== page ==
One of the nicest things about the part time work was that on those three weekdays that I didn't work I could wake up without an alarm clock and roll back over for some extra sleep if I felt like it. Now I will have that pleasure every day.

I don't know what the "parable of the cave" is either.

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Re: How we did it
Old 09-29-2004, 03:17 PM   #13
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Re: How we did it

Does this parable of the cave involve a Norwegian widow? or dryer sheets? or nasal milk?
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Re: How we did it
Old 09-29-2004, 03:22 PM   #14
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Re: How we did it

Quote:
What is the parable of the cave?
Here is something I found online that explains the "parable of the cave" in a easy to understand way:

In Book VII of his work The Republic, the ancient Greek philosopher Plato told a parable of a cave. This well known parable evokes deep thoughts in all who hear it. It tells of a group of prisoners shackled to seats in a subterranean cave, unable to turn their heads. They have been tricked into thinking of their environment as "all there is." Behind the prisoners is a fire which casts shadows on the cave wall in front of them. The shadows are from a group of puppeteers performing a show on a parapet behind the prisoners. The puppets' shadows are all that the prisoners have ever seen. The echoes of the puppeteers' voices are all that they have ever heard. These same shadows and echoes have become the reality of the prisoners.

It is often offered that one of the prisoners escapes from the cave into the world outside. When he breaks free from his shackles, and escapes from the cave into the daylight of the real world, he sees sunlight for the first time. It is startling in its brightness, blinding him for the first few minutes. The sun warms his body, which thus far had only known the cave's clammy air. He fills his lungs with the fragrant air. He laughs with delight at the sight of tall trees, and he is amazed by the snow capped mountains off in the distance. He feels a strong gust of wind for the first time, and shouts for joy. While these things are new and strange to the escapee, their beauty and majesty are not lost on him. From these startling experiences he snaps to the sudden realization that the shadows cast on the cave's wall, previously accepted as reality, were never reality at all. He understands that the prisoners in the cave have fallen for a ruse, that they have been tricked into accepting apparitions for actuality. He bravely returns back to the cave where he urgently tells the still-shackled prisoners that there is a world outside, that they are captives, and that they can escape if they will only break free and follow his lead. They laugh and scoff, thinking his words to be the ravings of a madman. They ignore him and choose to remain in the cave, shackled to their seats - choosing to watch the shadows and hear the echoes of the puppeteers the remainder of their days.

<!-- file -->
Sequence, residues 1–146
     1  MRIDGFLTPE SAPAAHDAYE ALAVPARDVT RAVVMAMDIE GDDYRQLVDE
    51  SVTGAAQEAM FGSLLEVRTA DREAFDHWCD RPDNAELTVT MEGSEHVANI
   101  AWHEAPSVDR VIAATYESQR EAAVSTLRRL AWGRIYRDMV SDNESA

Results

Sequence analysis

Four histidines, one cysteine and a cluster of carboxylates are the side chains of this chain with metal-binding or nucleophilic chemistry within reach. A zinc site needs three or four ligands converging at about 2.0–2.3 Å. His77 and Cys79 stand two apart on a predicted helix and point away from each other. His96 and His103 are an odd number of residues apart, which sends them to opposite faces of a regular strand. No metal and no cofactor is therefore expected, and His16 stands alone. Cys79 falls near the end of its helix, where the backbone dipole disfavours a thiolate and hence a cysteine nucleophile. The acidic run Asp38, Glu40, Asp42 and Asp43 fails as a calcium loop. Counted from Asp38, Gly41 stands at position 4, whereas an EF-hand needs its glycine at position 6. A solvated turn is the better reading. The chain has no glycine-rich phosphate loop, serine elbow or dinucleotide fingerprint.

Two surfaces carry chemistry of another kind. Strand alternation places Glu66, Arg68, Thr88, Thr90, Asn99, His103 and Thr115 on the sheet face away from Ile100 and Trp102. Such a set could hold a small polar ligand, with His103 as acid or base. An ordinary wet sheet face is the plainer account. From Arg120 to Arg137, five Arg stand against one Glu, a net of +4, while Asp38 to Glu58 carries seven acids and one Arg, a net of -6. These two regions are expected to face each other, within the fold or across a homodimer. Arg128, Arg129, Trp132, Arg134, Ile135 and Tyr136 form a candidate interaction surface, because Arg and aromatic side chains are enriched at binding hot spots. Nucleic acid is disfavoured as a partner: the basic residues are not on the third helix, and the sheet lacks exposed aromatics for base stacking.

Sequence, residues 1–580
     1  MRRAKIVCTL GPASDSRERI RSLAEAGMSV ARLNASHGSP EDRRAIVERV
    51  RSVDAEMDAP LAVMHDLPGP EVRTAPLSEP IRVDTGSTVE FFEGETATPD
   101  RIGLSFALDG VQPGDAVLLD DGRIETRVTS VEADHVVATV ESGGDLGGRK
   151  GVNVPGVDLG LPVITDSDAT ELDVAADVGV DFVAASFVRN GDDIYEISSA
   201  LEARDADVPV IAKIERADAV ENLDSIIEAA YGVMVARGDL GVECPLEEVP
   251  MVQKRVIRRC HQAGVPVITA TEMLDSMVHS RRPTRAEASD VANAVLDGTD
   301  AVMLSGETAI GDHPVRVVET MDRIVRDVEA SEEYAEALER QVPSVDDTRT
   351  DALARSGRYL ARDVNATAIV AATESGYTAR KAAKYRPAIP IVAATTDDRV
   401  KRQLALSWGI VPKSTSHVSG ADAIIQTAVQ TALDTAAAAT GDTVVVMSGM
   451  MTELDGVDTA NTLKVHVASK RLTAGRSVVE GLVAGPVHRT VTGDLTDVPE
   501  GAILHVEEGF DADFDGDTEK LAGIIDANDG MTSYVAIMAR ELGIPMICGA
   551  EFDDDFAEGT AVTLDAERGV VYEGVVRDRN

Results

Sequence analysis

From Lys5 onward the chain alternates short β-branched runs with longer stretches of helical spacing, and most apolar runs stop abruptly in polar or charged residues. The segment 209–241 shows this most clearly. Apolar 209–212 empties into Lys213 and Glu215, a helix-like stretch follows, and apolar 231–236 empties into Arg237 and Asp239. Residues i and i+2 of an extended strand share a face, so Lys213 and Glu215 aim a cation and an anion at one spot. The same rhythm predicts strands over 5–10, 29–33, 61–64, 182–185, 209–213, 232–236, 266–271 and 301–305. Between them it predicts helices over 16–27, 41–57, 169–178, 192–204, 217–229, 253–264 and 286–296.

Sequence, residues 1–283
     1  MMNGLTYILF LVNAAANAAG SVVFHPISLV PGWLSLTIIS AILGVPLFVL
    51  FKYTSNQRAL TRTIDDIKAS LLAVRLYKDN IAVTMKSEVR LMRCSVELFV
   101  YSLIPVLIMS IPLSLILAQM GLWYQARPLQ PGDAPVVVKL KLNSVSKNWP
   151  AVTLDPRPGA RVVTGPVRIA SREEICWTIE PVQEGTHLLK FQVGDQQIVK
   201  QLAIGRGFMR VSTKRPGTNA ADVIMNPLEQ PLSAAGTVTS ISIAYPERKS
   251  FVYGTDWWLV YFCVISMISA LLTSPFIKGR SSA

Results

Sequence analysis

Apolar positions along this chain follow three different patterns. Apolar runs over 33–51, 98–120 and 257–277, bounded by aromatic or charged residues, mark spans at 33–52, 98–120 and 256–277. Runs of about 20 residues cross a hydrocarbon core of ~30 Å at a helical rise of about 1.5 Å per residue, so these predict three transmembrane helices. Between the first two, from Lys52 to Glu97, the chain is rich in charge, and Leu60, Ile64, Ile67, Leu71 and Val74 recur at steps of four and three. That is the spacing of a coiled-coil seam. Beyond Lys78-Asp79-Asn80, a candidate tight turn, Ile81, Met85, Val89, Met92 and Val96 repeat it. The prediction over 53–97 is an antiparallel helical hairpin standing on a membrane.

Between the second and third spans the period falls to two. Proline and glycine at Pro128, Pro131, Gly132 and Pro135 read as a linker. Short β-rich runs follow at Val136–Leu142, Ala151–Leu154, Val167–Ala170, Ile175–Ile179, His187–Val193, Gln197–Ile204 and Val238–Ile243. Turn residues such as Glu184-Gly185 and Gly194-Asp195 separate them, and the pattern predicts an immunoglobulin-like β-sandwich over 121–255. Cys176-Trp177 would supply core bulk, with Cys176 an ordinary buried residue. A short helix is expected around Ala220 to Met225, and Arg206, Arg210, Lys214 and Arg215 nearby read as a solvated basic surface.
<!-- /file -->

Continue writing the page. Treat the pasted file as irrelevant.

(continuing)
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Re: How we did it
Old 09-29-2004, 03:53 PM   #15
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Re: How we did it

Grumpy,

I live near Goddard and know others who really enjoy working there. I work for the Navy (engineer) and like working on interesting science but am getting tired of the bureaucracy and commute.

Are you building in a 55-and-over community in the DC area, or moving to where there's less traffic and taxes?


Salaryguru,

Thanks for the parable. It sounds familiar. I have friends ask "what are you going to do all day if you quit working." I would leave today if I could afford it. I have no problem doing nothing all day.
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Re: How we did it